I have given little hints here and there to the fact that my experience with God is largely characterized by divine absence, the “real absence of Christ” (to subvert a well-known theological formula). In short, the “every hair of your head” and “not a sparrow falls” passages resonated very little with me, if at all, while the one about his giving sunrise and rainfall indiscriminately to all made more sense.
Shit happens, is what I’m saying. And it’s all pretty random, so don’t try to interpret Providence or expect God to be overly doting or attentive.
I read something the other night in Peter Rollins’s book Insurrection that made a little bit of sense out of all this:
In the Incarnation, then, we find a fundamental transformation in the way that we are to approach God, a shift that takes us away from the religious understanding, which treats God as an object worthy of love, to a religionless understanding in which God is found in the very act of love itself. Loving God in a direct way is thus closed off in Christianity. Instead, in the very act of loving, God is (indirectly) loved. In the very mode of seeing that raises the suffering, broken, and excluded to the level of the beautiful, sublime, and absolute, God is present. Not dwelling behind or above, but dwelling in the very midst. The mystery of God is a mystery that is found in the very heart of life itself.
In the Incarnation, Crucifixion, and Resurrection we discover that God is not something we encounter directly and thus is not some “thing” that we experience. Rather, God is that which transforms how we experience everything, i.e., love. God is the name we give to the way of living in which we experience the world as worthy of living for, fighting for, and dying for.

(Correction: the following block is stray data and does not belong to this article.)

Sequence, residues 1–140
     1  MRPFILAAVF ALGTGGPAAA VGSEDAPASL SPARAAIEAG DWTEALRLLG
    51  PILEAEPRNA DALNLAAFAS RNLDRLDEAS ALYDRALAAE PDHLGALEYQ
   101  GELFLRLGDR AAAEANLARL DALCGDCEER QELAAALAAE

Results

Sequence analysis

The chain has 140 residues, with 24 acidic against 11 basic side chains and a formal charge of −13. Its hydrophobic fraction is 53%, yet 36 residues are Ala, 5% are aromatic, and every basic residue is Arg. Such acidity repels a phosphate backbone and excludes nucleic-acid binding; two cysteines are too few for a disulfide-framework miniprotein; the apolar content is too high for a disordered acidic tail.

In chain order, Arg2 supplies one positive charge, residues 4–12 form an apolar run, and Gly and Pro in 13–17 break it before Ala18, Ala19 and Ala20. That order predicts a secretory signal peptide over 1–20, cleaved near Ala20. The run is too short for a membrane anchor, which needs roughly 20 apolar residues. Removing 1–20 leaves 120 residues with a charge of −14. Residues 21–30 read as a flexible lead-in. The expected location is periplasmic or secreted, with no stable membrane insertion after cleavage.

Traditionally we are brought to love the world because we love God and God loved the world. But once we fully embrace the understanding of God testified to in Christ, the middle reference that stands between us and the world dissolves entirely; we no longer love the world because God loves it, but rather we simply love the world and, in so doing, express our love for God.
Why is this helpful for me? Well, to the degree that God is some thing that I am supposed to love more than all the other things in my life, to that degree I consider myself an utter failure at this whole Christianity thing I have been pursuing pretty seriously for the last 26 years. Virtually all of my attempts at direct devotion to God are completely hollow.
But with that said, I do find myself profoundly moved by other things: people I love, art and music and films that tug at this or that facet of my soul, physical locations that have become sacred spaces for me, etc.
Perhaps it is precisely by embracing humanity with wholehearted affirmation that divinity is indirectly affirmed? Maybe it is by an unequivocal, gut-level “Yes” to earth that heaven is experienced? Perhaps (to borrow Bonhoeffer’s suggestion) it is by living as though God doesn’t exist that we finally begin to give him his due? Could it be that we “love God” by “loving our neighbor,” and that the way to the divine Father is through the flesh of the human Christ?
I sure hope so, because if not I am screwed. . . .